Wednesday, December 11, 2013
By Ann S. Kim email@example.com
(Continued from page 1)
ASK A QUESTION
MATTHEW DUNLAP will answer your questions live online at pressherald.com today at noon.
HOME: Old Town
FAMILY: Married to Michelle Dunphy; one daughter, Emily, 11
OCCUPATION: Self-employed writer and campaigning full time.
EDUCATION: Bachelor's degree in history, 1987, University of Maine; master's degree in English, 1994, University of Maine
POLITICAL EXPERIENCE: Maine House of Representatives 1996-2004; Maine Secretary of State 2005-2010
ON THE ISSUES
• Do you support President Obama’s health care law? Yes
• Do you support a balanced budget amendment? No
• Would you support a tax increase for the wealthy? Yes
• Would you vote to extend the nation’s debt limit? Yes
• Do you support legalizing gay marriage? Yes
• Do you support legal access to abortion? Yes
• What should Congress be doing to create jobs and improve the economy? “There is much Congress should do. Continued work on affordable access to health care is critical; too many entrepreneurs and small business owners give up and take employment with a large company just for health coverage. The Senate should give greater attention and care to the international trade agreements it ratifies, so as not to undermine domestic growth and reward companies that grow jobs in America, and Congress should also address the crisis of higher education student loan debt, which will cripple our economy if we do not address this in a visionary approach.”
ECONOMIC ISSUES: Voted pro-business 31.5 percent of the time in 2000 and 31.5 percent in 2002, according to the Maine Economic Research Institute.
ENVIRONMENTAL ISSUES: Voted pro-environment 81 percent of the time, according to the Maine Conservation Voters
LABOR: Dunlap earned a 96 percent lifetime voting record, according to the Maine AFL-CIO scorecard. rating in 2009-2010.
• Communication Workers of America, Local 1400
• Former Maine House Speaker Glenn Cummings
• Maine League of Young Voters
• Roger Roy, former chairman of the Aroostook County Democratic Committee and professor of math and business, University of Maine at Fort Kentn Former Rep. Chris O’Neil of Saco
• Ed Pert, former Maine House of Representatives clerk
• Rep. Matt Peterson of Rumford
• Former Rep. Marc Michaud of Fort Kent
• Former Rep. Sally Landry of Patten
• Rep. Herb Clark of Millinocket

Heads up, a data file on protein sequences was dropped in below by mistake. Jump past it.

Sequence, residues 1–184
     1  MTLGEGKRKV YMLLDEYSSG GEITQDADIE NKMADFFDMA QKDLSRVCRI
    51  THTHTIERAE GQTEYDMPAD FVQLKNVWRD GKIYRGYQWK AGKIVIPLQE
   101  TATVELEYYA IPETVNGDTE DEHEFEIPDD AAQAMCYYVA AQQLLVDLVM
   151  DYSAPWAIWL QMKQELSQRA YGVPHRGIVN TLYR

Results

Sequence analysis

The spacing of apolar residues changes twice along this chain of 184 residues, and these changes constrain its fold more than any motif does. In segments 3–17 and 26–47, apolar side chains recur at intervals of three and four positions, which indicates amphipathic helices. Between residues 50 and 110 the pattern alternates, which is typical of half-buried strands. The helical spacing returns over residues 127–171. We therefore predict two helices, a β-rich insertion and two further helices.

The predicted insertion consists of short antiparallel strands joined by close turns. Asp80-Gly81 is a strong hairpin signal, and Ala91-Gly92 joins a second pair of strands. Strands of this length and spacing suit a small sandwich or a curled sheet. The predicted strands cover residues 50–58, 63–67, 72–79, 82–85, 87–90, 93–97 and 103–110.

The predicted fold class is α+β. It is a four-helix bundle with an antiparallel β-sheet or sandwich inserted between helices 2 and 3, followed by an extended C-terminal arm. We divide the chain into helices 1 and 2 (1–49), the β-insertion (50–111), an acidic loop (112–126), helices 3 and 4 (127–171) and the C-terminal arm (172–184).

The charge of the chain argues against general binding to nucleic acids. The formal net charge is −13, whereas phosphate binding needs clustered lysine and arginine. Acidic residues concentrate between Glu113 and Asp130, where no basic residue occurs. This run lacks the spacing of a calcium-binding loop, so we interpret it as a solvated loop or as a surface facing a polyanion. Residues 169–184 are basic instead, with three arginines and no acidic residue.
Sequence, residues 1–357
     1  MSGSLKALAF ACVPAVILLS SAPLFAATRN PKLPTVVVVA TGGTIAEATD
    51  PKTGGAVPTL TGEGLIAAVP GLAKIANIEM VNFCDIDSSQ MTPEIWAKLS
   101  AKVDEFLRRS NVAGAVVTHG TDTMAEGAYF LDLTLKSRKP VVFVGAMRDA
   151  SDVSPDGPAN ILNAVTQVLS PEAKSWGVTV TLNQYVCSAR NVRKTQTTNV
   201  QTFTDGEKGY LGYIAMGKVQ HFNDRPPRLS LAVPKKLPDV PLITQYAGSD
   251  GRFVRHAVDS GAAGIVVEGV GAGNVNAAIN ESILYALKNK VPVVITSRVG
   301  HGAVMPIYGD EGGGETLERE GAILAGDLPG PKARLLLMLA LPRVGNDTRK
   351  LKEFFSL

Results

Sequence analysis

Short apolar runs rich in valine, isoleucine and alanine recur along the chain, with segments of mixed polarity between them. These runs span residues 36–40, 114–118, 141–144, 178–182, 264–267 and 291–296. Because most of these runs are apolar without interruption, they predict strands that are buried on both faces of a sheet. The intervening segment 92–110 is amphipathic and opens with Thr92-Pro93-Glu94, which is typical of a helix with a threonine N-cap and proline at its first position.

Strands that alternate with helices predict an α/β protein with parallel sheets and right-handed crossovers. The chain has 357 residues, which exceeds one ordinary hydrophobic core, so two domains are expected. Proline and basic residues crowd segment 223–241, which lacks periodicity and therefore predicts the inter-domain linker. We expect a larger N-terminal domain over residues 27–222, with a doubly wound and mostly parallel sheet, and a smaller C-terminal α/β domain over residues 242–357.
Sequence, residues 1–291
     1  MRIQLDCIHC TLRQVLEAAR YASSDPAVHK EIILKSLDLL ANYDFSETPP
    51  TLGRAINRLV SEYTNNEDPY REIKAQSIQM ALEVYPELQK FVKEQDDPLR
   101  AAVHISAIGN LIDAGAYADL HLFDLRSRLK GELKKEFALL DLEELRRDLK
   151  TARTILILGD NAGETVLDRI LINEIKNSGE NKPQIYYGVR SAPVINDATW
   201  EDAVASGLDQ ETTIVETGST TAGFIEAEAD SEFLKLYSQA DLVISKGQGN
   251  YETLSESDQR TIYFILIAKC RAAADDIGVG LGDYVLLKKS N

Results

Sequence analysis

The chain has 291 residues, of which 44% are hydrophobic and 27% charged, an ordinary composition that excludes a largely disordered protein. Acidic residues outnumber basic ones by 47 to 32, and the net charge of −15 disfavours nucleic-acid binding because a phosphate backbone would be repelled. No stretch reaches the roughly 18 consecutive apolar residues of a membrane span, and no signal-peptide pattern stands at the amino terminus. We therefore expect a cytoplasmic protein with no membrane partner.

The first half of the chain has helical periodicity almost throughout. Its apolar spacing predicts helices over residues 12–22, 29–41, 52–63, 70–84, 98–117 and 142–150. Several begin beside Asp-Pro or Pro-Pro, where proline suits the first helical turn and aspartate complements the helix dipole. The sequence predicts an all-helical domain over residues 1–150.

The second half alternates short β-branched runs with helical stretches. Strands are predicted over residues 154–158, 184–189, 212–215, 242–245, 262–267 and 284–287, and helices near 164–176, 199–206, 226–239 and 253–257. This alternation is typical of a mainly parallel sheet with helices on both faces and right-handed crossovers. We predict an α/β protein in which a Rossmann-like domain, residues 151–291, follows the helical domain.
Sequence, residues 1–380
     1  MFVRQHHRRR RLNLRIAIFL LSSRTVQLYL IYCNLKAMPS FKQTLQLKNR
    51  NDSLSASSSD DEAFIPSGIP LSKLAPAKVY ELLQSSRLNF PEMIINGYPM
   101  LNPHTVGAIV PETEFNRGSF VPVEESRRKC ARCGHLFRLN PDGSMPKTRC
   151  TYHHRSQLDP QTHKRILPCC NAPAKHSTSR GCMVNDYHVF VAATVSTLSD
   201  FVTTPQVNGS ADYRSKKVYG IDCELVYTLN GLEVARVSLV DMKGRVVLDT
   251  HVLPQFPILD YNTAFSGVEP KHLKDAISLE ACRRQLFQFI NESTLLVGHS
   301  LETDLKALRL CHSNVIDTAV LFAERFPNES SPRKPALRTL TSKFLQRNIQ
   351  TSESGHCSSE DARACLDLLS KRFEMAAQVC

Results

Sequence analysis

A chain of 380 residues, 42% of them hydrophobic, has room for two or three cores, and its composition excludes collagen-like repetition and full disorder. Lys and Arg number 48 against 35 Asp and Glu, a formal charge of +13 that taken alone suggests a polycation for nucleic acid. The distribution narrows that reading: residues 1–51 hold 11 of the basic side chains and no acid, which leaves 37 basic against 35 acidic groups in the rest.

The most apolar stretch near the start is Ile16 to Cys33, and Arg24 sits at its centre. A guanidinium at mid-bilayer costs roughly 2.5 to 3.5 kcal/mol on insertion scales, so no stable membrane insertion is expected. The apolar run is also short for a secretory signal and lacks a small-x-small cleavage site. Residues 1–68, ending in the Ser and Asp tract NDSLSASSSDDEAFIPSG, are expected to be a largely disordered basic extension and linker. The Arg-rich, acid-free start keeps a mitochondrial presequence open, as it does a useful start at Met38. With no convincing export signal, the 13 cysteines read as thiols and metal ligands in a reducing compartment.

"He recognized he was wrong," said Smith, who is a columnist for MaineToday Media's Central Maine Newspapers. "That really showed me growth and leadership."
Dunlap was Maine's secretary of state from 2004 to 2011, a time that included the controversy over driver's licenses and the federal Real ID Act. Dunlap's opposition to the federal regulations as overly sweeping and intrusive earned him an award from the Maine Civil Liberties Union.
During his tenure, Dunlap was at the center of a dispute over the Taxpayer Bill of Rights.
Proponents of the spending cap had submitted petition signatures to the Secretary of State's Office to get the measure on the 2006 ballot. One bundle of petitions was inadvertently left behind in a car and was not turned in until the morning of the next business day, a Monday.
Dunlap decided to accept the last bundle, which provided enough valid signatures to put the measure on the ballot. He said he believed that the relevant state law intended to guarantee that petitions were legitimate, and he was sure that the Taxpayer Bill of Rights petitions were.
His decision angered fellow Democrats. The issue ended up in the courts, where a judge found that Dunlap shouldn't have accepted the petitions. The state supreme court later overturned the lower court's decision.
"A lot of people disagreed with what I did at the time. I still think it was the right thing to do," Dunlap said. "I thought the Taxpayer Bill of Rights was terrible policy, but that wasn't the question."
When he appeared before members of the Maine League of Young Voters during this campaign, Dunlap exhibited clarity, friendliness and competency, said Nicola Wells, the organization's state director.
"Matt really felt like that right mix of vision and experience, and kind of reaching for ideals and values we really care about -- particularly things like civil liberties and other progressive issues -- and he was also very practical about those proposals," she said.
The group's endorsement of Dunlap, however, expressed reservations about his membership in the National Rifle Association. Wells said members have heard him contextualize it as a civil liberty.
L. Sandy Maisel, a political scientist at Colby College, described Dunlap as "a solid guy" who is respected in the Legislature. But Dunlap hasn't raised enough money to make an impression on the state, Maisel said.
Dunlap raised $26,126 in the quarter ending March 31, bringing his total fundraising to $82,201.
Maisel said the Dunlap campaign is "nearly invisible" and not likely to get much help from the national party, given the entry of Angus King as a strong independent candidate.
"Unless at least one Democrat or Republican demonstrates during the primary season that they're going to be someone to contend with, the national (Democratic) party is going to take a walk on this campaign."
Staff Writer Ann S. Kim can be contacted at 791-6383 or at: